In today’s society, the vast majority of human civilization exists in a relatively sedentary state, with neither a will nor desire to live a life constantly on the move. In terms of material possessions, contemporary society demands that we live with and within the constant comfort and accessibility of all things which are deemed complementary and necessary. Yet, as consumers of the goods and lifestyles constantly shown to us, rarely do we consider that perhaps our “most essential liberty [is] to remain poor” and away from the “mindless materialism” thrust open us (Chatwin 7). For the Aboriginal people, materialism was specifically shunned upon; in general, Aboriginals have “the idea that all ‘goods’ were potentially malign and would work against their possessors unless they were forever in motion” (Chatwin 32).
In Bruce Chatwin’s Songlines, Chatwin’s obsession with Aboriginal culture, and their status as a transient people group, provides the backbone for his belief that humans were put on this earth with the intention of peacefully moving and connecting with the ‘soul’ of various lands. Behind this notion is the structured belief that as humans, in a sense, we have a “need for distraction… a mania for the new [and] an instinctive migratory urge akin to that of birds in autumn” (Chatwin 161).
Although I would love to say I have spent time on this earth as a “wanderer in the scorching and barren wilderness of the world,” realistically I have lived in New Jersey my entire life and have only traveled on select occasions every few years of my adult life (Dostoyevsky). However, as a child growing up, I always held an affinity for my natural surroundings, even if they were limited to the woods scattered across my neighborhood in suburban New Jersey. Although they were only comprised of a few acres, my friends and I explored every bit and corner of the woods, building huts, fashioning tools and marking off territories as we went. As a child, I may have come as close as I ever will to Chatwin’s belief, that humans “are designed for a career of seasonal journeys on foot through a blistering land of thorn scrub or desert” (Chatwin 162). My friends and I may have traveled to each section of woods a hundred times, but each time, the natural creeks, and distinct features of the forest remained as the focal points of our travels and discussions; per the title, the Aboriginal people “could not believe the country existed until they could see and sing it,” creating ‘Songlines’ or tracks of music where they traveled (Chatwin 14)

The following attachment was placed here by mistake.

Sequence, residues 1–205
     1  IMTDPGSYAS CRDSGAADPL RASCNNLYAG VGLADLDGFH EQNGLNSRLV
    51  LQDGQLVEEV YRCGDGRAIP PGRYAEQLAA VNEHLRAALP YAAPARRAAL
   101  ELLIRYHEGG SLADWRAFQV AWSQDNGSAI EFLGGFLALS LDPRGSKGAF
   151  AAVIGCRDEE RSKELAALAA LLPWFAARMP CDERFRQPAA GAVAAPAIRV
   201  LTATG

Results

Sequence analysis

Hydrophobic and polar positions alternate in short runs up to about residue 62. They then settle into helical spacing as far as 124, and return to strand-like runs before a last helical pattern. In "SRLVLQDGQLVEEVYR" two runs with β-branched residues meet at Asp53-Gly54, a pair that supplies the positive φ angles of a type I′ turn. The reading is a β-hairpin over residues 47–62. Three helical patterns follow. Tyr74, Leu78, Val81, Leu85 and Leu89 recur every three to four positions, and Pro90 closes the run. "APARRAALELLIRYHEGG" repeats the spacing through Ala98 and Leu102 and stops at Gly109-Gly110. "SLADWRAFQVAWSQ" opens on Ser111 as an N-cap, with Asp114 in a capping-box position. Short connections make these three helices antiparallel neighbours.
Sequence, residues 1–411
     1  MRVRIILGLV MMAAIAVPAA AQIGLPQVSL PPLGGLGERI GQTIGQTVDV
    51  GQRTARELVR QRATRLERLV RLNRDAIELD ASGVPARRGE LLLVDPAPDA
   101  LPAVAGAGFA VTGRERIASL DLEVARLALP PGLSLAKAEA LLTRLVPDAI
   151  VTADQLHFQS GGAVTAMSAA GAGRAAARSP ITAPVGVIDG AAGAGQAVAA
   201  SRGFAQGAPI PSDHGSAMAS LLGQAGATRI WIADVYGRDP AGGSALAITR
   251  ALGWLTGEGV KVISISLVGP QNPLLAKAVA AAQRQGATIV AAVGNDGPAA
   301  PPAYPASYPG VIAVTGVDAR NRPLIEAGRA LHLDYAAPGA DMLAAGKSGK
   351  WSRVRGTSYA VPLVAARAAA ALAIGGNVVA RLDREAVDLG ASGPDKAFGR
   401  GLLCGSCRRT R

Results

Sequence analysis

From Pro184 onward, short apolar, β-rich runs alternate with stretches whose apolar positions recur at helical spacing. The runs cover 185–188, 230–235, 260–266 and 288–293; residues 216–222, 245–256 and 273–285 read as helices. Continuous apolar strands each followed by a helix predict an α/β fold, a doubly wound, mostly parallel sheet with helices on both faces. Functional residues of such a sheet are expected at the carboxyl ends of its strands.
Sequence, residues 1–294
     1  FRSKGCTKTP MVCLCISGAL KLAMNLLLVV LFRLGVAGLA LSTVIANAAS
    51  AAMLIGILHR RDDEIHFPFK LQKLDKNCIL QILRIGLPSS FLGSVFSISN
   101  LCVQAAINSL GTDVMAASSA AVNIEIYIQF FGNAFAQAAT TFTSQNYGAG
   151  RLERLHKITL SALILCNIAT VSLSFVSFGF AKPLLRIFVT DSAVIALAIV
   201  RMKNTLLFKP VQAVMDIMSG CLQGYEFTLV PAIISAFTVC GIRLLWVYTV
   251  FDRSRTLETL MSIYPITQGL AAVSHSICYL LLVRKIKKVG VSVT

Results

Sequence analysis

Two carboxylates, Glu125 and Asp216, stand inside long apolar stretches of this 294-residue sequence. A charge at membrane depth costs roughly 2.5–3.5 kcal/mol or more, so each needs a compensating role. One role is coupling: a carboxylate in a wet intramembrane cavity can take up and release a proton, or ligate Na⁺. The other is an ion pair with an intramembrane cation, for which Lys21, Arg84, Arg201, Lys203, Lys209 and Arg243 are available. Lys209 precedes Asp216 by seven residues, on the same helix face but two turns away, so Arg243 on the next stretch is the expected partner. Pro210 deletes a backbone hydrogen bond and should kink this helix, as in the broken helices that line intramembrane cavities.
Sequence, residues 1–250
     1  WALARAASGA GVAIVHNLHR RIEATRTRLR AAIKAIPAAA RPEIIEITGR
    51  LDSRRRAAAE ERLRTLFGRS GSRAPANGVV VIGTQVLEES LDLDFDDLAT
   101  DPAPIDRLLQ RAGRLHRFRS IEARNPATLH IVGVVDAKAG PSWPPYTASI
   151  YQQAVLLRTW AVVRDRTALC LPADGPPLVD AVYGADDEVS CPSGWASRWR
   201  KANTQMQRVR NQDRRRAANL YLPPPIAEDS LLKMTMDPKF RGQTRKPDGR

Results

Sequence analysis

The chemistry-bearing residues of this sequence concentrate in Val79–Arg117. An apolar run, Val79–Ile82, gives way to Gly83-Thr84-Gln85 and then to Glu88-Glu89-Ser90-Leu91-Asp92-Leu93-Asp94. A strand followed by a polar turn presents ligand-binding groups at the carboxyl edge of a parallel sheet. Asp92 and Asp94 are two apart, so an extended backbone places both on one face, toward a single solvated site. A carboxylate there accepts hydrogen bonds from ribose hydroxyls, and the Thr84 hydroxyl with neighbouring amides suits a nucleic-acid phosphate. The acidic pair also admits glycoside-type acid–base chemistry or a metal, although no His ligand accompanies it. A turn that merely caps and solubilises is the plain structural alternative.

As an adult, traveling, and studying abroad has been an exploratory and ‘humanly’ process, but not exactly in the sense that Chatwin, or Dostoyevsky for that manner (Chatwin references The Grand Inquisitor section of The Brothers Karamazov) would praise. Although traveling in a modern sense, unlike the nomadic descriptions called for above, fulfills the requirement that humans have an “instinctive migratory urge,” the final portion, calling that we disconnect from the earth, is nearly impossible in our contemporary setting (Chatwin 161). Although it may be impossible to disconnect from our surroundings and material possessions in this day and age, here in Sydney, I have tried my best to take advantage of the abundant natural surroundings. Besides day excursions to natural parks and weekly trips to the beach, my friends and I have begun setting up a camping excursion where we will spend a night camped out along an inlet near Bondi beach. Wandering away on foot across Australia may be out of the question, but at least I have the possibility of spending a night away from technology, the city lights, and a chance to feel at peace, with the sounds of the ocean in the background.
Chatwin, Bruce. The Songlines. Queensland Braille Writing Association, 2005.
Dostoyevsky, Fyodor, 1821-1881. The Brothers Karamazov. New York :Vintage Books, 1950. Print.